Common Sense Note
Parents need to know that Dope is a coming-of-age story about a self-professed "geek" from one of the toughest neighborhoods in Los Angeles, if not the country. The high school senior dreams of getting into Harvard but first must overcome dangerous circumstances that threaten all of his plans. Expect lots of strong language ("f--k," "motherf--ker," "s--t," the "N" word), teen hormones, substance use/dealing (alcohol, marijuana, Ecstasy), and sexual situations (masturbation and naked breasts, plus lots of talk about virginity, arousal, and more), as well as moments of violence (a deadly shoot-out, threats with words and guns, bullying) and scenes in which a young lesbian is forced to go to her grandmother's church so the churchgoers can "pray away the gay." But Dope also has thought-provoking themes about class and race in the United States and what it takes for a poor African-American teen to get ahead.
A young man masturbates in his bedroom while staring at videos of half-naked women dancing or of a photo of a woman he likes. References to sex, virginity, arousal, and various sex acts. A young woman offers herself sexually to the main character, appearing before him topless and asking him if he's a virgin.
Gang members bully kids, threats are made at gun point, a shoot-out kills and injures people, a young man waves a gun around and then accidentally shoots himself, and verbal threats make it clear that people will be killed if a young man doesn't do as he's told.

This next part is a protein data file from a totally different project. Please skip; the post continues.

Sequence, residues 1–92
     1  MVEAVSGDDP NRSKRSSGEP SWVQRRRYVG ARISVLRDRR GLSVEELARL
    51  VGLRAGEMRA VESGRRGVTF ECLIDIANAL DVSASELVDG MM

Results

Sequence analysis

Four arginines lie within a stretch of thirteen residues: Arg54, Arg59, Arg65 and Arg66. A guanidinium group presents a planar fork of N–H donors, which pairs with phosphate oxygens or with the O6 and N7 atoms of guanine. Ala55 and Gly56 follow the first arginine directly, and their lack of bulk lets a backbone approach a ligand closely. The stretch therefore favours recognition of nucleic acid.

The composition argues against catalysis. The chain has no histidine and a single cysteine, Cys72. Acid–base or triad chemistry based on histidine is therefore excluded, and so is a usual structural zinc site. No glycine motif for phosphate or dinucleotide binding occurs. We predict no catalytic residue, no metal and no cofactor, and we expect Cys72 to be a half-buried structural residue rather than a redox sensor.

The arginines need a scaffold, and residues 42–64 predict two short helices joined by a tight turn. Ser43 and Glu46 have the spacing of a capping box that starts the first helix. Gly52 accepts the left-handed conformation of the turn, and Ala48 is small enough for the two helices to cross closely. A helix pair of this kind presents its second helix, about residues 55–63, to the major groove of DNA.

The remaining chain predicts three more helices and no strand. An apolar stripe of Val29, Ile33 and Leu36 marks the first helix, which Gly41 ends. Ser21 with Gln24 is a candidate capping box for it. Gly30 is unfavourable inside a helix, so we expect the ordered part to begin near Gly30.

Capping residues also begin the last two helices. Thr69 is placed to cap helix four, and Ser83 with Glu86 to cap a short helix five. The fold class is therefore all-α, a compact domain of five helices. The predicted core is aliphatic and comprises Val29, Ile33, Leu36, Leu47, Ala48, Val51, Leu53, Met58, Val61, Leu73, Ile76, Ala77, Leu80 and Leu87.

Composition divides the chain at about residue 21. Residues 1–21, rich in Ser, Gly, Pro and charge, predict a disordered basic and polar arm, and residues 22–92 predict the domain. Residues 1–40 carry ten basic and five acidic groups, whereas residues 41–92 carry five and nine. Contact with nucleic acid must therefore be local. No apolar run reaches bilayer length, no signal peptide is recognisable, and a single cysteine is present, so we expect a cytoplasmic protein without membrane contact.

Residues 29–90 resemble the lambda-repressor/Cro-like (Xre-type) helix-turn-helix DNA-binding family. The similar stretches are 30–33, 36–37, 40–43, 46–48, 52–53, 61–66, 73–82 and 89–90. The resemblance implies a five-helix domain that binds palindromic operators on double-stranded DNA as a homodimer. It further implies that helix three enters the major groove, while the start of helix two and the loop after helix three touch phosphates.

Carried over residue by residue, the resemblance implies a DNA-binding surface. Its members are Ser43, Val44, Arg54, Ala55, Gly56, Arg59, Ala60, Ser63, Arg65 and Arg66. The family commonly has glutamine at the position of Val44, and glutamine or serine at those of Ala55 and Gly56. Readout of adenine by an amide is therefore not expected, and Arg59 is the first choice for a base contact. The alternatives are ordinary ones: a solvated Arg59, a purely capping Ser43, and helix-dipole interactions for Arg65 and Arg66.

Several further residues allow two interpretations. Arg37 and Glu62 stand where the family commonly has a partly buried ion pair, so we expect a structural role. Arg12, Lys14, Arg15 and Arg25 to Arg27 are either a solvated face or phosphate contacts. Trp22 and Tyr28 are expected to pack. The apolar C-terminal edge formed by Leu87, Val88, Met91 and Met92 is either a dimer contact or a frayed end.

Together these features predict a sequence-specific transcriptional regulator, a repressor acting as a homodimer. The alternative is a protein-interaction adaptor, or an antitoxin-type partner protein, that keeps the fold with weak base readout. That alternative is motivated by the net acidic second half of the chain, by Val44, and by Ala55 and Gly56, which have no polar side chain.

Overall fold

Frequent strong language, including many uses of the "N" word (all by African Americans except for one white character who's granted an "exception"); also "f--k," "motherf--ker," "motherf--k," "a--hole," "pussy," "s--t."
Examines/dissects assumptions regarding class and race. Malcolm's story arc explores how difficult it is for impoverished young people to escape poverty and better themselves. But paralleling this is the grim idea that no matter how much someone from poverty does better themselves, the worst will always be assumed.
Products/logos seen include Adidas, MTV, Beats by Dr. Dre, Maserati, Ancestry.com, Mini Cooper, PATTA, Bang & Olufsen.
Drugs / Tobacco /
Frequent underage drinking and drug use (marijuana, MDMA) at parties, clubs, and in private. One young woman is so drugged that she vomits, urinates in public, and temporarily passes out while driving. Teens and young adults capture and upload videos of themselves and others on "Molly" (or "Lily," as it's called in the film).